Jack, the Novel

Jack: Continuation of the Serialized Novel about the Antebellum South

                                                    Chapter Three 
                   The Tree House Disappearance 


Charleston, S.C. during the Civil War. Charleston Harbor in background.
Civil War Era lithograph published by Harper's Weekly.
Public Domain.

     And one day, Jack fully dismantled Mike’s tree house down the path from his house-actually it was Jack and me who done the dismantlin' after Jack convinced me that my presence and assistance was imperative. We rebuilt it across the river in a secret place and put up a stockade around the tree to keep the Indians from attackin' us if they had a mind to. Although no-one in our parts had been attacked by Indians that I knew of, they were sure attackin' the settlers out west. At least that’s what Jack said. They would charge on their horses a'hollerin' and a'screamin' and shooting their arrows and a’throwin their tomahawks just when you least expected it and the next thing you knew you was dead. That’s what Jack said. He didn't  read the newspapers because he couldn't read too good but he talked to people on the river and he knew everyone on the river, and so he got all the news a’fresh, before the newspapers even had a hint of what was going on. “So what's the sense in reading newspapers?” said Jack. “You can’t believe everything you read anyway.” He had a point.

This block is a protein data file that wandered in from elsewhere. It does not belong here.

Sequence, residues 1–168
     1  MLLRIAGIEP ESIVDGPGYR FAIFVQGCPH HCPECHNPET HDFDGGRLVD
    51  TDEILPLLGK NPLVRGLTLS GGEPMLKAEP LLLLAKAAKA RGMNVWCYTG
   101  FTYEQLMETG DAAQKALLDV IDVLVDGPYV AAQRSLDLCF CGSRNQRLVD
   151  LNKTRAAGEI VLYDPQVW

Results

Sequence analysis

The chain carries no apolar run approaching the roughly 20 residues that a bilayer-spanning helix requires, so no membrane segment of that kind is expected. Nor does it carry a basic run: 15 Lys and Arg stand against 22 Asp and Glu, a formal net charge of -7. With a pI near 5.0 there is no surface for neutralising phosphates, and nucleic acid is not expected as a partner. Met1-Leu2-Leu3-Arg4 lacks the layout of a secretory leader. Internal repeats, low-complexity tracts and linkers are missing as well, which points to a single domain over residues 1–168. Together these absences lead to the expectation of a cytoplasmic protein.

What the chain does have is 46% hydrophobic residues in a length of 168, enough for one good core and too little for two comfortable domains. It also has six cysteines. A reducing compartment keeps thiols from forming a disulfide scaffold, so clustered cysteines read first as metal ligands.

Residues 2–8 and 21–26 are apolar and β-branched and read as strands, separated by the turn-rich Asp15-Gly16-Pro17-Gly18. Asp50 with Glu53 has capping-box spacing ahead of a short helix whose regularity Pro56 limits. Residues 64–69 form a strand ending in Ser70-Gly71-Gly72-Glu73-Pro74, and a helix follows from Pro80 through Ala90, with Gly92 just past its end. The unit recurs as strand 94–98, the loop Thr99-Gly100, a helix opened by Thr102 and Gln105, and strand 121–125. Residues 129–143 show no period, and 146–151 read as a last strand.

Anyway, Jack and I used the tree house all the time takin' care whenever we went there that no-one followed. Because if anyone got wind of the fact that Mike’s tree-house had been resettled across the river and that Jack and I did the resettlin', we’d have to leave town or forever live under the shame of knowin' that everyone knew who done it. Jack probably wouldn’t care but I would.

                                                    Chapter Four 
                                            Mike
     So Jack had this secret power over me. Whenever Mike was around, Jack would make obscure references to the snitchin' and smile at me when Mike wasn't looking. For instance he’d say, “Hey puke-face (he called Mike this and many other contemptuous names), we’re going across the river today to our secret fort! Wanna come?”
     And Mike would say, “Hey pig-face, I wouldn’t go to the slop-pen with you and who cares about your secret fort. What’s so secret about it anyway and who cares?”
     “Well you’d care if you were there but you’ll never know because we’re not going to reveal its location to a mealy-mouthed little pipsqueak like yourself,” said Jack.

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